Exercise with Thomson Airways

The British airline Thomson Airways has launched a new guide to help holidaymakers step off a long haul flight feeling fresh and fighting fit, instead of fed up and fatigued.

The Good Flight Guide is packed with advice from experts in their field, including fitness, health and beauty, and aims to show how simple changes to an in-flight routine can help ensure the holiday starts as soon as the plane takes off.

The guide has been produced as part of the countdown to the eagerly awaited first commercial flight of the revolutionary new Boeing 787 Dreamliner, hailed as one of the greatest developments in aviation in recent times. Thomson Airways, the UK’s third largest airline and part of TUI Travel PLC, will be the first UK airline to fly the Dreamliner in 2012. If it is delivered on time, that is, as Boening has recently announced more delays in delivery of the aircraft.

New research into flying habits was commissioned by Thomson Airways and it reveals that many problems faced by long haul air passengers are avoidable and of their own doing.

Most worryingly, over 70% of long haul passengers either do little or no exercise during their flight, with fewer than a third (30%) following the recommended advice that people should walk around and stretch their muscles frequently.

It is probably a good idea to walk around an airplane during long flights, except that if there is a service occurring you can’t get past the trolley, and if you sit in the middle or window seats you neighbours will get upset if you try to leave your seat too often as it inconveniences them.
Of course, if airlines didn’t place the seats so close together that you need a shoehorn to fit into your seat you may not have the need to move around so often.

Equally shocking, 41% of those surveyed admitted to only drinking a little water while on board, with a further 7% confessing to drinking none at all and risking dehydration. While calorie intake surprisingly increases two-fold, water intake in the air drops by half compared to our day-to-day habits on land.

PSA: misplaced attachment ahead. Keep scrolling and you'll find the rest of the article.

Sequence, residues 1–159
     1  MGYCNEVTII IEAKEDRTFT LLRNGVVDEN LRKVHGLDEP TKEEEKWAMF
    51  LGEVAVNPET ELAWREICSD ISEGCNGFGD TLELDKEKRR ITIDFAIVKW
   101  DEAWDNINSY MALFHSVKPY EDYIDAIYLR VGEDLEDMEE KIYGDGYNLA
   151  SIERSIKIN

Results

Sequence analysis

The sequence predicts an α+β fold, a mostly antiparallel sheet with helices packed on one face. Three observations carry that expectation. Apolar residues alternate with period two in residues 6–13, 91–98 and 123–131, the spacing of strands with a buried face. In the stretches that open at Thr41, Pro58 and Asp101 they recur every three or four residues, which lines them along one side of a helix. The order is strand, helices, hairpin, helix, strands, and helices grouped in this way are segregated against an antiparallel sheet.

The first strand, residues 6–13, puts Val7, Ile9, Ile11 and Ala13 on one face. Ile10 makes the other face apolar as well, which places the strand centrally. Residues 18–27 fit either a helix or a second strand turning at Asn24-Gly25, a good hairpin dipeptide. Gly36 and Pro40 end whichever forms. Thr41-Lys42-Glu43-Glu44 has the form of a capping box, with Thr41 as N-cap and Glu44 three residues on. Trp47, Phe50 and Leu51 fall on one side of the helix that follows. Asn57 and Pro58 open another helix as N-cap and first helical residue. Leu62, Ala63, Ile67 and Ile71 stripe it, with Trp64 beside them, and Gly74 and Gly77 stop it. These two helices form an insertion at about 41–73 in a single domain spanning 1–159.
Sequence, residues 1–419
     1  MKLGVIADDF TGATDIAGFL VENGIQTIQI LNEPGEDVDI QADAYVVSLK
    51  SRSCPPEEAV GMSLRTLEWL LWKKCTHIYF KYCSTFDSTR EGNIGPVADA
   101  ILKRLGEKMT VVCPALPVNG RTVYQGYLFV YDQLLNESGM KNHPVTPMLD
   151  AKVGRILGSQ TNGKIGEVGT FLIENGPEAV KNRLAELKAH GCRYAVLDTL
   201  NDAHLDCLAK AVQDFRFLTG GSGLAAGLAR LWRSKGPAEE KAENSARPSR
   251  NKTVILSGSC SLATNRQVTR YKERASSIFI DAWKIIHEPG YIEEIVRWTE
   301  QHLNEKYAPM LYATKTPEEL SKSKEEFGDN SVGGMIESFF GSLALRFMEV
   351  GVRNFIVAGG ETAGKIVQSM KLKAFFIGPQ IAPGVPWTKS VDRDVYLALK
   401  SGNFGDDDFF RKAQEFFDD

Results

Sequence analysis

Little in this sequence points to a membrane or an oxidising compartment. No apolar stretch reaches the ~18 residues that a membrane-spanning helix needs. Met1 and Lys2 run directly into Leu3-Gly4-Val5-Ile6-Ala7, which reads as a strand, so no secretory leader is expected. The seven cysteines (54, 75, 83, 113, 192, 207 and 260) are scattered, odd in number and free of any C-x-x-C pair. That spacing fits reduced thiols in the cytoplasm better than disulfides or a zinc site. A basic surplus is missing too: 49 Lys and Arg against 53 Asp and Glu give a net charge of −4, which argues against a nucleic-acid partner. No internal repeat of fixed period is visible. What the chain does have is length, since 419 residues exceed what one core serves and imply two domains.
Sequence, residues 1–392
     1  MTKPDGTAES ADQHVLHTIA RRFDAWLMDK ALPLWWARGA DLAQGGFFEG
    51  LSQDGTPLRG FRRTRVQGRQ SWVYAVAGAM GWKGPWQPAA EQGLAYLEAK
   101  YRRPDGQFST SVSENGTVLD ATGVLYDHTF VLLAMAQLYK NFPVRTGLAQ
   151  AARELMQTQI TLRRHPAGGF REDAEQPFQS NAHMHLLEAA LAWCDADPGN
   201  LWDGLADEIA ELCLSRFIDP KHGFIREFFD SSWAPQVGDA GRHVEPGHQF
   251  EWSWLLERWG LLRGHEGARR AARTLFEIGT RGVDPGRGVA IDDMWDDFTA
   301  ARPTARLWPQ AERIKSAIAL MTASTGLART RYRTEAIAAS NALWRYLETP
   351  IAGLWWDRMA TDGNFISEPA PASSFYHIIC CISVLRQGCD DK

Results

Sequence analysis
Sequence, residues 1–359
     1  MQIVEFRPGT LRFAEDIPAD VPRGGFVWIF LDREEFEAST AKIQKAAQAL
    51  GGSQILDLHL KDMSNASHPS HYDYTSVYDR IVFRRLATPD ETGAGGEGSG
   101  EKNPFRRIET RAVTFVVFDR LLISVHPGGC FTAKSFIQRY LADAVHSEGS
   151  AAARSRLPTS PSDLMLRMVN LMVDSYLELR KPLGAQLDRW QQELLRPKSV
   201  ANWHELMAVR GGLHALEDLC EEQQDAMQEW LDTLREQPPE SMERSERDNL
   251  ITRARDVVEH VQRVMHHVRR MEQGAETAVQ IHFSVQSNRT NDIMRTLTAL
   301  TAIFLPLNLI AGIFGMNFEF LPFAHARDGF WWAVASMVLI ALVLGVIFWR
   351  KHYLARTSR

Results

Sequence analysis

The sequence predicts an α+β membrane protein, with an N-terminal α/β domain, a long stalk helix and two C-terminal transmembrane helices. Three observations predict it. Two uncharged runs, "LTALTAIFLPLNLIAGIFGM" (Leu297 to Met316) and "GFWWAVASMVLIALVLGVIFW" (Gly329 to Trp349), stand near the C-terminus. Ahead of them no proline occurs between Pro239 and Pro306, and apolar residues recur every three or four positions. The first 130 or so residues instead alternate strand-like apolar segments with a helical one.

Furthermore, 64% of passengers who reach their final destination at night say they either struggle to fall asleep or take far longer than usual. Whilst 32% of passengers complain that they suffer from a stuffy nose during long haul flights, 15% from dry skin and 14% from chapped lips, all of which can be caused by cabin air pressure.

Covering pre-flight preparation, the flight itself and post touchdown tips, the guide offers five top tips to help make sure people can start enjoying their holidays as soon as they arrive at their resort:

Plan ahead: set your mind and watch to the time at your destination as soon as you’re on board and either try to stay awake or get some sleep en route.

Stay moisturised: drink plenty of water in the days before your flight and take your favourite skincare products on board with you in travel-sized containers.

Eat and drink smartly: fresh fruit, unsalted nuts and fruit juices are better than alcohol, caffeine and salty or sugary foods, both before your flight and once you’re airborne.

Stay in shape: a short pre-flight work-out will give your circulation a boost and once onboard a series of back, leg and neck exercises will help.

Chill out: it’s important to be comfortable on a flight by wearing loose fitting clothes, and remember to pack a pair of warm socks too.

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